One of the coolest things we saw at the Consumer Electronics Show year was a lens. Sure, there was a hot oven and some big new TVs, but Samsung has a new 3D lens to go with its new NX300 camera, and it is as clever as it is cool.
I’ll come out and say it before we start: I don’t really get 3D photography.
Sure, 3D movies can be very cool to watch, provided you’re viewing on a decent set, but we haven’t seen many people at home really get that whole depth thing right when they’re capturing home movies.
There are so many times when we’d just prefer to stick on a pair of single channel glasses and bypass the 3D picture, viewing something in good ‘ol trusted two dimensions.
So 3D photos haven’t ever really grabbed us. Maybe it’s because we’re so used to seeing 2D images that it has become the tried and true norm for us.
Theoretically, movies sound like a better premise for 3D because the camera is changing, shifting around a view point and adding – sometimes – a story into the equation, making it possible for a 3D scene to be more than just stuck in one position, where it would be for a three dimensional photo.
But regardless of what grabs us or not, the technology used in Samsung’s new low-light 3D lens is quite clever.
Designed for the new range of mirror-less NX cameras, starting with the retro-trimmed NX300, the NX 45mm f/1.8 lens is a 3D capable addition to a camera that can shoot in standard 2D mode or in the slightly more depth-friendly 3D mode.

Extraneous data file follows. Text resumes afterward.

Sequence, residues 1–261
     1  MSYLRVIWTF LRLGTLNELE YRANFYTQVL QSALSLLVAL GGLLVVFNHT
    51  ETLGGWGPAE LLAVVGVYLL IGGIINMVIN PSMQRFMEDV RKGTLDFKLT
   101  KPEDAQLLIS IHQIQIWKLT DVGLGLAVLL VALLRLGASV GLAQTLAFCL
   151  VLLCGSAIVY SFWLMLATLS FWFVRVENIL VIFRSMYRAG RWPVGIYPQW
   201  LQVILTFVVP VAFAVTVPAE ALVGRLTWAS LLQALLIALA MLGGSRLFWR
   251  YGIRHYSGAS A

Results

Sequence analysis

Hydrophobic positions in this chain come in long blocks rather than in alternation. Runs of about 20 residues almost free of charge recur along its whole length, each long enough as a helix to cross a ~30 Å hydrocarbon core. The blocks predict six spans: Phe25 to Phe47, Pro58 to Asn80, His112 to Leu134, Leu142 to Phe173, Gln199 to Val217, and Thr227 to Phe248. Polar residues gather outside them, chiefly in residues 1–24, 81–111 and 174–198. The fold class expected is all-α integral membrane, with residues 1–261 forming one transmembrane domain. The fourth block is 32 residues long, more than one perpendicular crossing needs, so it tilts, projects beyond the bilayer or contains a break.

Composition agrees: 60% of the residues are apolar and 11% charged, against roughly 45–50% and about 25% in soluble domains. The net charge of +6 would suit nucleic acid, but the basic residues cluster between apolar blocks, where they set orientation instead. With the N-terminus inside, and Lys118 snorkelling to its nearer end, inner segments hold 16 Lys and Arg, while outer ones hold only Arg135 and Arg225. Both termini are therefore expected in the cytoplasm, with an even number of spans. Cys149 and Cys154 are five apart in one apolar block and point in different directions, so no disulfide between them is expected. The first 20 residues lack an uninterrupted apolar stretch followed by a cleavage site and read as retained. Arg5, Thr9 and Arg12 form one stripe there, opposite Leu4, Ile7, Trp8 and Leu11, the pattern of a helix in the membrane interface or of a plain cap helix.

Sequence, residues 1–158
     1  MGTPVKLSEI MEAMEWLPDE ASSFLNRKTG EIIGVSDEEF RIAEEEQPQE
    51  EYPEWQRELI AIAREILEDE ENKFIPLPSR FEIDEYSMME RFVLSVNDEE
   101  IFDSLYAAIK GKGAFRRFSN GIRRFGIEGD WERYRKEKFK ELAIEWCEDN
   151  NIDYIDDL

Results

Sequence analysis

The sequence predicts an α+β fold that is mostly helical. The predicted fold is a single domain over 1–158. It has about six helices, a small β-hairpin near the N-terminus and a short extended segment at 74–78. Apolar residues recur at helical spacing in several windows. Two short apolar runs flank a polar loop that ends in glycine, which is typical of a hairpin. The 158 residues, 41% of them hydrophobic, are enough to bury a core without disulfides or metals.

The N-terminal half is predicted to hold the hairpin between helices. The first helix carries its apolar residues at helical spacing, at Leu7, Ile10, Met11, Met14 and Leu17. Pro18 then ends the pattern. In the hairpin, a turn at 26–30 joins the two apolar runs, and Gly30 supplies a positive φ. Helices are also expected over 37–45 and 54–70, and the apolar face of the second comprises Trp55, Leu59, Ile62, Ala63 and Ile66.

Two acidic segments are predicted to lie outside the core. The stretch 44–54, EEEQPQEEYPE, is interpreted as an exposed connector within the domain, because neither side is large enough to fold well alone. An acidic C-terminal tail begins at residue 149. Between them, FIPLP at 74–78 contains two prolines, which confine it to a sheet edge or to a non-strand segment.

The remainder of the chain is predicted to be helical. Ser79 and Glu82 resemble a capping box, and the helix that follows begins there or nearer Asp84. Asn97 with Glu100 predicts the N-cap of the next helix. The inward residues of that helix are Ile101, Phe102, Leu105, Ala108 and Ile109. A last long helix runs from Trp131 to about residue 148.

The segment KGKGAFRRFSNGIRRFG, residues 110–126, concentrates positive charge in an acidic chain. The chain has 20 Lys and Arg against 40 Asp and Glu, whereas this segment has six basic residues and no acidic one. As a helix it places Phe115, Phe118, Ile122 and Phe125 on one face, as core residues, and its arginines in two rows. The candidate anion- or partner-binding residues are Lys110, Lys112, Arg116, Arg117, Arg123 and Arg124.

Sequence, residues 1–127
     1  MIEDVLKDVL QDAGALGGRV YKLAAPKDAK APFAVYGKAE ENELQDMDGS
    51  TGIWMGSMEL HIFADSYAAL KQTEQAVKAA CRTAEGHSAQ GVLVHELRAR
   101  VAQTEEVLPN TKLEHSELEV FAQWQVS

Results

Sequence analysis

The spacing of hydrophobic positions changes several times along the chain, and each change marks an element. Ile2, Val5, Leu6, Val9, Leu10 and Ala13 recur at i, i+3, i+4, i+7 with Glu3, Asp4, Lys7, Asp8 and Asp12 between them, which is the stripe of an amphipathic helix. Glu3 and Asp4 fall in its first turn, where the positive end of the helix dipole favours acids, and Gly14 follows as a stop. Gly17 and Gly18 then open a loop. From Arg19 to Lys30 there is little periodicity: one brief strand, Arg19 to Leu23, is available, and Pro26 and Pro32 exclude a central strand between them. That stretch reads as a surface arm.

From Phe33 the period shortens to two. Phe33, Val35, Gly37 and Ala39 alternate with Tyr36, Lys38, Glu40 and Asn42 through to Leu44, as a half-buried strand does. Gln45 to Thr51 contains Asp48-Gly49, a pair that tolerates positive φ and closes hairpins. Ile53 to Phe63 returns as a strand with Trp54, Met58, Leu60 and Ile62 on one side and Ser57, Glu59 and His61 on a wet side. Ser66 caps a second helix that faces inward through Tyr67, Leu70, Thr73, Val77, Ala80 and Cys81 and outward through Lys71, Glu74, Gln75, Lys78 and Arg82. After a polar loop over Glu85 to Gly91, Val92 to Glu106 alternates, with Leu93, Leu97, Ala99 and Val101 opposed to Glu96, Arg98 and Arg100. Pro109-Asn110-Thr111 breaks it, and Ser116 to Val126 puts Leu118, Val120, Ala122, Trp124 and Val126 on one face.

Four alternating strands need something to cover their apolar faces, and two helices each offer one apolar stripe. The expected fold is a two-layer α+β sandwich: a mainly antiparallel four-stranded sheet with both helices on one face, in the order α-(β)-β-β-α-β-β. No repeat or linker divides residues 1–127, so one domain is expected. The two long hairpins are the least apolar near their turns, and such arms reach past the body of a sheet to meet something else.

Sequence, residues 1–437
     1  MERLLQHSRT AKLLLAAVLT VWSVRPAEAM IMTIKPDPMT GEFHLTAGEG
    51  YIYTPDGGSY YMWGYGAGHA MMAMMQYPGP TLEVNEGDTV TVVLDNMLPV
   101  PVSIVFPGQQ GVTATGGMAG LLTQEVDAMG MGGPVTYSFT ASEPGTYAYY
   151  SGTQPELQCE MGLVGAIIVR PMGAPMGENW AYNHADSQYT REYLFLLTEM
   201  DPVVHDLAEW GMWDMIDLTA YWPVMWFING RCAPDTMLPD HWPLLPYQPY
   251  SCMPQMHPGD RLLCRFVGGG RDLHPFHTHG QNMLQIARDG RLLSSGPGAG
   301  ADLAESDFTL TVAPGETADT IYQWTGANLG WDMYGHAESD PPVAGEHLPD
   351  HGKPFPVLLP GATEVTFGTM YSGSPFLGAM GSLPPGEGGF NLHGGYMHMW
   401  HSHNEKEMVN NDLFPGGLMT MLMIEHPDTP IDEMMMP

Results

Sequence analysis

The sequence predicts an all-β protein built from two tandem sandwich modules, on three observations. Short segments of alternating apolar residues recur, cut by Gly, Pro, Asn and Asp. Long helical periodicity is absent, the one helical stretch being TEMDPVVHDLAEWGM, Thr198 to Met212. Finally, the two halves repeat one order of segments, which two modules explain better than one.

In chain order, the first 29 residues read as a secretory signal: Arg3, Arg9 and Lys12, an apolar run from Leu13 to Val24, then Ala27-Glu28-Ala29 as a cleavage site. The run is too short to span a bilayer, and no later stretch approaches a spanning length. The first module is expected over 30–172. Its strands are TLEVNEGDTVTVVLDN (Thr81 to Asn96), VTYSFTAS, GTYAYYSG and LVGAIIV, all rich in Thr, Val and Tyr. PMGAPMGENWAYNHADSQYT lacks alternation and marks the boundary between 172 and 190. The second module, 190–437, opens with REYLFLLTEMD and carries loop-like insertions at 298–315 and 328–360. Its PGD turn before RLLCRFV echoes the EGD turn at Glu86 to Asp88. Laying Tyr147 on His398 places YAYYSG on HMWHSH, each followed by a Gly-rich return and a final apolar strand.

Up until this point, we haven’t seen many digital interchangeable lens cameras with 3D lenses. Off the top of our heads, there’s a Panasonic Micro Four-Thirds lens that has two lenses inside itself and a minimum aperture of f/12, which is a lot of light required to take an image, when you think about it.
But with Samsung’s new lens taking an aperture of f/1.8, that’s a lens that can work in situations without a lot of light, and since we generally use f/1.4 lenses on our own cameras, it’s something we completely get.
A lower aperture on a lens doesn’t just mean more usefulness in low light, but more depth control, and the ability to take portrait shots with creamy backgrounds that drop to a softer focus.
Throwing both of these technologies in the one certainly had us intrigued, so we asked to see how it worked.
While we’re not sure if the American Samsung reps were keen to see our Aussie Samsung guy take off that lens to show us how it worked, if there had been a camera on us, you’d have seen this reporters eyes light up.